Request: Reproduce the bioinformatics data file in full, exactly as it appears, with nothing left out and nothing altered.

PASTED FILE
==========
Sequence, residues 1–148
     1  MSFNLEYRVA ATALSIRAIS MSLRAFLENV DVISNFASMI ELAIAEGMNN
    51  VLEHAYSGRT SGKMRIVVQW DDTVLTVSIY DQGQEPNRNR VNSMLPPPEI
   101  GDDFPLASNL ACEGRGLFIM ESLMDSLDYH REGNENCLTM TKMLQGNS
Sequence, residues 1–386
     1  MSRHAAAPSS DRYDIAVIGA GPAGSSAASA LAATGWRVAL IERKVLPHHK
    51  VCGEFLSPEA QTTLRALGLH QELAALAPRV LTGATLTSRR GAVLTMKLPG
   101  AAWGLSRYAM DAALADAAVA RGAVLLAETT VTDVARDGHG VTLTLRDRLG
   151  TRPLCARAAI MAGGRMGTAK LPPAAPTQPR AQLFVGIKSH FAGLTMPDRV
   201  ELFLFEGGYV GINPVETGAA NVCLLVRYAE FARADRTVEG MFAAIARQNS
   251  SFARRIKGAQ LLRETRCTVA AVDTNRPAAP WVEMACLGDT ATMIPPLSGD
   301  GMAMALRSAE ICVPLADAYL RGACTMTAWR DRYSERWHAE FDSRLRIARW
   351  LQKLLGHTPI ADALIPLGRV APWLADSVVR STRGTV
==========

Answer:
Sequence, residues 1–148
     1  MSFNLEYRVA ATALSIRAIS MSLRAFLENV DVISNFASMI ELAIAEGMNN
    51  VLEHAYSGRT SGKMRIVVQW DDTVLTVSIY DQGQEPNRNR VNSMLPPPEI
   101  GDDFPLASNL ACEGRGLFIM ESLMDSLDYH REGNENCLTM TKMLQGNS
Sequence, residues 1–386
     1  MSRHAAAPSS DRYDIAVIGA GPAGSSAASA LAATGWRVAL IERKVLPHHK
    51  VCGEFLSPEA QTTLRALGLH QELAALAPRV LTGATLTSRR GAVLTMKLPG
   101  AAWGLSRYAM DAALADAAVA RGAVLLAETT VTDVARDGHG VTLTLRDRLG
   151  TRPLCARAAI MAGGRMGTAK LPPAAPTQPR AQLFVGIKSH FAGLTMPDRV
   201  ELFLFEGGYV GINPVETGAA NVCLLVRYAE FARADRTVEG MFAAIARQNS
   251  SFARRIKGAQ LLRETRCTVA AVDTNRPAAP WVEMACLGDT ATMIPPLSGD
   301  GMAMALRSAE ICVPLADAYL RGACTMTAWR DRYSERWHAE FDSRLRIARW
   351  LQKLLGHTPI ADALIPLGRV APWLADSVVR STRGTV